Advantages of rigid foam:

  • Excellent thermal protection. Rigid foam insulation provides a continuous seal that helps prevent air leaks and thermal bridging, preventing significant energy loss. It also has high R-values, commonly ranging from 3.6 to 8.0 per inch of thickness.
  • Controls moisture. Rigid foam acts as a vapor barrier that prevents moisture accumulation. It also helps protect wood framing or sheathing from any contact with water and warms the interior sheathing so moisture does not accumulate
  • Prevents air leaks. Rigid foam insulation is an excellent air barrier, especially when installed properly. It provides a continuous seal on the home’s exterior, preventing air leaks (infiltration and exfiltration).
  • DIYable. It provides ease of installation as it doesn’t require special equipment and protection gears. Foam boards can be cut using a utility knife or fine saw. Moreover, rigid foam is an excellent DIY for homeowners as the process is not complex.

Disadvantages Of rigid foam:

  • Requires proper installation. Although rigid foam doesn’t require special equipment, it has strict installation and sealing code procedures to meet. It must be properly installed to act as a weather-resistive barrier and limit air leaks.
  • Requires precision. Rigid foam boards must be custom-cut to fit the installation area. It’s also difficult to fit around wall obstructions, such as pipes, wires, outlets, bracing, and junction boxes. This is why it must be carefully cut to work around such obstacles.
  • Gaps. Since it’s difficult to fit around the obstruction and get a tight seal, caulking or expandable foam must fill and seal thin gaps between the framing members and foam. 

R-Value Comparison: Spray Foam vs Rigid Foam

The R-values of spray foam insulation may depend on the type of spray foam used. For example, open-cell spray foam approximately has an R-value of 3.8 per inch, while closed-cell spray foam has an R-value of about 6 to 7 per inch.

Rigid foam insulation’s R-value also depends on the type of foam board used with R-values ranging from 3.6 to 8.0 per inch of thickness, on average.

Expanded Polystyrene Board (EPS) has an average R-Value of about 3.6 to 4.2 per inch, while Expanded Polystyrene Board (EPS) offers an R-Value of about 5 per inch. In contrast, Polyisocyanurate иoard “polyiso” provides an average R-value of 6.5 to R-8 per inch. In addition, a facing material can also be applied to the rigid foam insulation, which can greatly affect the R-value of the material.

Rigid foam insulation has higher R-values than spray foam insulation, meaning it is more efficient in preventing heat transfer.

Cost Comparison: Spray Foam vs Rigid Foam

On average, spray foam insulation installation is applied in 1-inch-thick layers. Open-cell spray foam averages $0.44 to $0.6 per board foot, while closed-cell spray foam ranges from $1.00 to $1.50 per board foot.

It also has labor fees, ranging from $50 to $100 per hour, depending on the job’s complexity, size, and location. Depending on the state, installing a vapor barrier may also be required by code. It usually costs around  $0.65 to $1 per square foot.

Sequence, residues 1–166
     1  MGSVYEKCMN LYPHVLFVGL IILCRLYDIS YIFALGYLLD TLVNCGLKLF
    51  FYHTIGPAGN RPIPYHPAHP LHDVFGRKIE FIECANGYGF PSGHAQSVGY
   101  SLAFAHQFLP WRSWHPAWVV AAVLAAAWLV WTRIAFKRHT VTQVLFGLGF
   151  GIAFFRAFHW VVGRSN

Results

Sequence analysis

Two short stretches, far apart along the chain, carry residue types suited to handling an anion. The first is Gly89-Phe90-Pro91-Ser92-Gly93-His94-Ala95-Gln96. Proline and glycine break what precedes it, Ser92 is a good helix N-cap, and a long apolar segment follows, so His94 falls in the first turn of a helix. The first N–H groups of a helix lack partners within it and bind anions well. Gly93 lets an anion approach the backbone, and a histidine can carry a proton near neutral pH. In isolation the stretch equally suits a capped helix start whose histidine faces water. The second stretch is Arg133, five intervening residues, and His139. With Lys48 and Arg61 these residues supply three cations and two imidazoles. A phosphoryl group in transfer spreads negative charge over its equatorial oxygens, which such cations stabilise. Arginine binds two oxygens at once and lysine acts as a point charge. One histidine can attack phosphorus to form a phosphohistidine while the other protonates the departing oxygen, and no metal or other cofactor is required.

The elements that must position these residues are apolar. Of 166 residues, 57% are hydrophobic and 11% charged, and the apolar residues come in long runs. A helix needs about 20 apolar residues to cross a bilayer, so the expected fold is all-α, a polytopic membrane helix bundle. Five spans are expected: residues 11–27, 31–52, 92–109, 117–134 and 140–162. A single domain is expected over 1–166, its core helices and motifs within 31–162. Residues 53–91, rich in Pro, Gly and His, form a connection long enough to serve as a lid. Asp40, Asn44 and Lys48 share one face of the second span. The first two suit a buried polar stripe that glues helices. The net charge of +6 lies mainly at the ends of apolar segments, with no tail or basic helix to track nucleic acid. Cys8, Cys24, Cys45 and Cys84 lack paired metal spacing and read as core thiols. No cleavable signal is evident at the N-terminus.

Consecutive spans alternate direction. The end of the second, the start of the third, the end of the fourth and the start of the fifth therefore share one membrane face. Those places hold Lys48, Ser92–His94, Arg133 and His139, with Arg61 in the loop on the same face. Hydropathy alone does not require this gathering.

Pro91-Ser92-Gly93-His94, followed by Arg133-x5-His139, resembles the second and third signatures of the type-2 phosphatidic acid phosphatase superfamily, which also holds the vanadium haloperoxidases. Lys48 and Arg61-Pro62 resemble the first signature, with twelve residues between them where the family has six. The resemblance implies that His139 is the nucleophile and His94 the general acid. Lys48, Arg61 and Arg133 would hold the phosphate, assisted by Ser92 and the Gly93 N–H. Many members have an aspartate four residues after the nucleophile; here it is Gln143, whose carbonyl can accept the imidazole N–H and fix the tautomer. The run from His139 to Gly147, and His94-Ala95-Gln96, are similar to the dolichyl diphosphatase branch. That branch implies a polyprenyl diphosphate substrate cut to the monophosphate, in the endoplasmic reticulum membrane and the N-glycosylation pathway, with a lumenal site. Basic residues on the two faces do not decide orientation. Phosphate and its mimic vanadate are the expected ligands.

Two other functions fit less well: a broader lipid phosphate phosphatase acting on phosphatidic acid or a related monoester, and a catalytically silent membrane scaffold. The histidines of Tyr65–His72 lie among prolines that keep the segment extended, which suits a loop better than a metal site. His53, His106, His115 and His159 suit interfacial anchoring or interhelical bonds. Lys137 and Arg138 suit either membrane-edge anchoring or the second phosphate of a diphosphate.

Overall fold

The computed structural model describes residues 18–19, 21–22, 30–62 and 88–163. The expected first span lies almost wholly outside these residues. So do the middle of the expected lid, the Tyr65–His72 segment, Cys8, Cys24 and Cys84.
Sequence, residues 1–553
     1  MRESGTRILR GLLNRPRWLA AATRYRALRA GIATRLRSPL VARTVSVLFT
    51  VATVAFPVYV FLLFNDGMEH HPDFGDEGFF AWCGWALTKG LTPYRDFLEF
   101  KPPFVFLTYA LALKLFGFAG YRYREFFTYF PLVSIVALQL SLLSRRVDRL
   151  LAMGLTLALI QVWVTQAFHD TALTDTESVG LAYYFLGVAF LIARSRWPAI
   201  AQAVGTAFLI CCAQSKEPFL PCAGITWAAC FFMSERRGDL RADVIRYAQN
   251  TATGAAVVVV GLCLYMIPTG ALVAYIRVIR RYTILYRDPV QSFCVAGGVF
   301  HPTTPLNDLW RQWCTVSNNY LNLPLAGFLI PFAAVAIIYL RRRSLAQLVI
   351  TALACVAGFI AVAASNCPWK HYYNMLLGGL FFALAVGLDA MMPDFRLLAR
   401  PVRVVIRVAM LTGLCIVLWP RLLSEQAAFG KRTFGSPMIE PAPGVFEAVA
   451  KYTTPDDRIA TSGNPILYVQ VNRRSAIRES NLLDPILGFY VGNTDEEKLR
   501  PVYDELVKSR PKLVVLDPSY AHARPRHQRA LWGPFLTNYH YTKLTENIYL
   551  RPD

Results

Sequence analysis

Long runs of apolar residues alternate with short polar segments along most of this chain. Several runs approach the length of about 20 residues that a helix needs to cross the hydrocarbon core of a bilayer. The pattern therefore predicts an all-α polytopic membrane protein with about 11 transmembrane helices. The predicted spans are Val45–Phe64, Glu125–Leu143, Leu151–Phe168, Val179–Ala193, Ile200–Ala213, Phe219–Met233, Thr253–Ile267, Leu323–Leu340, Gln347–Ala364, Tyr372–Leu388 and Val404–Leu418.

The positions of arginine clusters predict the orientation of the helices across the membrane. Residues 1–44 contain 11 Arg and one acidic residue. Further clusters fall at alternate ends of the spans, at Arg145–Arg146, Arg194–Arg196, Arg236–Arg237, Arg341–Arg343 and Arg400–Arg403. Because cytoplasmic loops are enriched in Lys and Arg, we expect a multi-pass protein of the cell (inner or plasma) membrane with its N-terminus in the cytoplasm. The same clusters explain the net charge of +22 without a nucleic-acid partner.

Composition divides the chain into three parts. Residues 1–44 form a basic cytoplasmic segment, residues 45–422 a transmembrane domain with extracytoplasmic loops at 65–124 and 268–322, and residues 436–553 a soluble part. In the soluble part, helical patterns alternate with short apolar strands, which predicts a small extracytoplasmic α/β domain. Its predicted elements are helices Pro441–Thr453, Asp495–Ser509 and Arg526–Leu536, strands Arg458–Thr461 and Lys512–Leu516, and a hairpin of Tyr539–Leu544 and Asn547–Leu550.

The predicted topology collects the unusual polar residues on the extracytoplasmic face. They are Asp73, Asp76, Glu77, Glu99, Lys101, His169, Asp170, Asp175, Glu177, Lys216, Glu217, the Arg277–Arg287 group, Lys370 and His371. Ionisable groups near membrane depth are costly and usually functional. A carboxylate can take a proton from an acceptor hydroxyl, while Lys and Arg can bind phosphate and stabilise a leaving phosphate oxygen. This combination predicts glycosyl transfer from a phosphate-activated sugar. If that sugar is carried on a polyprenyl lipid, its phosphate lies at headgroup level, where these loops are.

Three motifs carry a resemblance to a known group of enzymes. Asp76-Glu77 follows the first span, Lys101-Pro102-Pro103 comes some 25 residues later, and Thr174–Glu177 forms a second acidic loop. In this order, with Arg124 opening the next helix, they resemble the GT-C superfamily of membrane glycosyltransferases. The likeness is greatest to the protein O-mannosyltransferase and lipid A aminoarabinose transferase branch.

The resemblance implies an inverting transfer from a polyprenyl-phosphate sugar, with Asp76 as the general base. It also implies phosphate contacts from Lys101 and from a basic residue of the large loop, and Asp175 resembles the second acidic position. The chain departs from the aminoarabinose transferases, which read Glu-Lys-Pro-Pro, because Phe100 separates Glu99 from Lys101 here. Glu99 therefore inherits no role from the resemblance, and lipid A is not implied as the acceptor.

In general, spray foam insulation costs between $1,300 and $3,900, including labor fees and other materials.  

The foam board itself costs around $0.25 to $1.40 per square foot for rigid foam insulation. EPS boards range from $0.25 to $0.35, while XPS boards range from $0.40 to  $0.50. Polyiso boards cost around $0.50 to $1.40. 

It also includes the installation fees, which are about $25 to $50 per 100 square feet, depending on the location. The total costs of rigid foam insulation installation range from $2,500 and $7,500.

Therefore, spray foam insulation is much cheaper regarding costs than rigid foam insulation.

Installation Process Comparison: Spray Foam vs Rigid Foam

Spray foam insulation is applied through a spraying machine, where two chemical components from different containers will be transported using gas pressure and will meet at the tip of the spray gun, where they react with each other and form the foam solution. 

Spray foam can be applied to hard-to-reach places and cavities, such as rim joists, attics, crawl spaces, and even small crannies and nooks. However, it can be messy and time-consuming because of the curing period. It’s also temperature-sensitive and can affect the curing process.

Before filling the cavity, spray the perimeter with a 1/2-inch layer called lifts first. This will expand to a 1-in. layer. Wait a few minutes as the foam needs to cure before applying another lift. Next, spray more than 2 inches thick, ensuring all gaps and holes are filled. Trim off excess foam with a serrated knife after it’s cured if you overfill an area. 

When installing rigid foam insulation, you must first calk all the seams with silicone caulk and then spray foam into larger holes.

Next, measure the installation area and custom cut the foam boards using a knife or fine saw into measurements to fit, especially into obstructions. After cutting, break it off cleanly and apply adhesive to the rigid foam panel’s back. Then, place the rigid foam panel and push it firmly. Continue to install the rigid foam panels, ensuring all obstructions and holes are caulked and sealed.